When my oldest son was about 4, he loved Angry Birds. I mean, loved. If we didn’t set a timeframe, he would lose himself in the world of those little wrecking ball-shaped feathered friends and never return. So my wife and I did just that – set a timeframe. It became our standard procedure for letting him play the game: he’d ask, if we said yes, he’d get to play the game with a timer set. When the timer went off, the expectation was that he wouldn’t whine, complain, or throw a fit; he was to not only hand the phone back, but say “thank you” with a smile.
As you can imagine, it didn’t always go well. But think about it! He was experiencing something that was fun, creative, challenging, and he was learning and strategizing the more he played. It’s easy to get sucked into that and not ever be happy with what you have— to always look for more, instead of enjoying what you’ve already experienced.
Your Angry Birds, My Phone.
Over the course of this training for my son, God threw it right back in my face. As the church was really starting to grow, I had less opportunity to do a few things I loved doing. It wasn’t through any huge failing or treason against me as a person or anything that dramatic, but it still hurt and I was still stuck on what I might not get in the future.
When I got an opportunity to do one of these things again, I remember feeling God was saying, “This is your Angry Birds experience on my phone. Just as you expect from your son, I expect from you: when your opportunity has passed, hand the phone back and say ‘thank you.’”
As you can imagine, it didn’t always go well. When you get time with something you enjoy, that challenges you, that fills you up, it’s difficult to not be sad about not having more. I think that when we talk about surrendering things to the Lord, it’s usually something that either isn’t good or isn’t good for us. The real struggle comes when it’s something that is enjoyable, good, or beneficial.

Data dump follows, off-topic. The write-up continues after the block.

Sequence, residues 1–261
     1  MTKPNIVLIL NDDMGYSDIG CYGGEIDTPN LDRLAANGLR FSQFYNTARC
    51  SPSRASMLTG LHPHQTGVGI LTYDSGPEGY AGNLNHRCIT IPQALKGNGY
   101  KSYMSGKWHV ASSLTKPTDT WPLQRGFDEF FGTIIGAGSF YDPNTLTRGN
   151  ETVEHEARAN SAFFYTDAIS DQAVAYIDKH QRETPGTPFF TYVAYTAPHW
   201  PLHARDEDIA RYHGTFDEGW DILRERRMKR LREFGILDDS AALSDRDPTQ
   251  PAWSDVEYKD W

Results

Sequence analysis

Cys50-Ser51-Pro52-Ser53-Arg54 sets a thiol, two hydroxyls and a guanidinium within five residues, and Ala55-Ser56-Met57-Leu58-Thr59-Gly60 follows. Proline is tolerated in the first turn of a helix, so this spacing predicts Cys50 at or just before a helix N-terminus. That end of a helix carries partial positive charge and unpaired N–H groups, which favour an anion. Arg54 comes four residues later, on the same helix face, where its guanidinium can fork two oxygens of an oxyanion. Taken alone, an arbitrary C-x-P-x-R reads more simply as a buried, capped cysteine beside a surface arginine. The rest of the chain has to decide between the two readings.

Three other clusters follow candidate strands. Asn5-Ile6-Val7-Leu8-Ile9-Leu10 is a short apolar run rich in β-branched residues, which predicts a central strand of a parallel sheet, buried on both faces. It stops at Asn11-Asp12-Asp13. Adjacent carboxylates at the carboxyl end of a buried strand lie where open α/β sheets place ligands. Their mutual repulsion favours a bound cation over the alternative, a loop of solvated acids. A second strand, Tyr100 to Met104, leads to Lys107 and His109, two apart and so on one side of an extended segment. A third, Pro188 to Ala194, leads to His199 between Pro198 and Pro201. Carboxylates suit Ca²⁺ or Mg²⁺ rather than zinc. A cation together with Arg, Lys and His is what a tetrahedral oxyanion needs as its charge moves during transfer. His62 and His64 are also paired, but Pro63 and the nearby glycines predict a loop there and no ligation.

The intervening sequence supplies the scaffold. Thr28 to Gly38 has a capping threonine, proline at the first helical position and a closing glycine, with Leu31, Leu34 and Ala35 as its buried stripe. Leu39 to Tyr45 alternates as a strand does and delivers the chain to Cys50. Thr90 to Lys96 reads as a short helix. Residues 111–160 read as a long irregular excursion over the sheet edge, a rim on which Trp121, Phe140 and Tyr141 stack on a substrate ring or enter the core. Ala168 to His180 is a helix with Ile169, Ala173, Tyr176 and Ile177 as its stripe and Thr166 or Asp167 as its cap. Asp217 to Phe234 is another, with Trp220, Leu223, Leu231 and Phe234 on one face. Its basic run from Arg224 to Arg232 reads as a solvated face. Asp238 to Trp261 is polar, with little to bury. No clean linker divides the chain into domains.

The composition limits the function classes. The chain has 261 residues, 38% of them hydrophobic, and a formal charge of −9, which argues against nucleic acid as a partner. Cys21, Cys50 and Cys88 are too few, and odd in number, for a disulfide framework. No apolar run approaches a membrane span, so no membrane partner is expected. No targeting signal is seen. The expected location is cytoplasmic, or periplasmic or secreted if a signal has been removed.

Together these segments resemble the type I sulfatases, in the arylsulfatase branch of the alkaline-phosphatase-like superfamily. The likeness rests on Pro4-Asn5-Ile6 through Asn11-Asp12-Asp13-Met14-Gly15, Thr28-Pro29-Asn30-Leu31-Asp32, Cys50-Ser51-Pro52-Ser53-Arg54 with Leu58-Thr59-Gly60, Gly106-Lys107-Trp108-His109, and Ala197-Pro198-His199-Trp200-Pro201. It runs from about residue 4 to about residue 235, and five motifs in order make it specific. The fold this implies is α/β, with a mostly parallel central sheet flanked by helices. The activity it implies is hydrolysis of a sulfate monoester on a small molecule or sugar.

It reminds me of the past (last) week of Beyond Happy. Sure, it was about money primarily, but it applies to our opportunities, as well. What do we do when “enough” isn’t enough? Enter Philippians 4:
“…for I have learned in whatever situation I am to be content. I know how to be brought low, and I know how to abound. In any and every circumstance, I have learned the secret of facing plenty and hunger, abundance and need. I can do all things through him who strengthens me.” Philippians 4:11-13 ESV
I’ve realized I can’t always control if I’m happy about something, but I can work on being content. No matter what. Really, that’s what I was trying to teach my son: contentment. When I appreciate what I already have, I don’t have to be sad that it’s over. Not to say that it’s bad to want more or to look forward to the next opportunity; but with contentment and gratitude I can look forward to next time in a healthy way.
What is gratitude?
Sometimes we talk about gratitude and it’s a little fuzzy with what that actually entails. I’ll offer another teaching point with my kids that helps illustrate: my wife and I consistently ask our kids, “What does it mean to be grateful?” The answer we’re looking for is two parts: 1) to be happy with what we have, and 2) to say “thank you.”
Again, this gets turned back around on me. How do I practice gratefulness? I choose to be happy with what I have (not what I don’t have) and I say “thank you.” I’ve realized that this is how I learn to be content in whatever situation, like Paul talks about in Philippians. Whether I get to do a lot or a little, whether I get to hold on to or let go of things that are good, that I love…God is teaching me to be content.
May I encourage the same in you? Whether you’re able to sing, play, lead, follow, or whatever is on your plate this season, it’s likely there will be at least a time or two where God “asks for the phone back.” May he give us all the grace to smile and say “thank you” when the time comes. I think we’ll be better for it once he hands it to us again.
Reflect on this…
Take some time to ask God what your “Angry Birds” might be. Is it an experience? An opportunity?
Look for a chance this week to practice gratitude for something that has a beginning and an end: choose to be happy with what you have, and say “thank you.”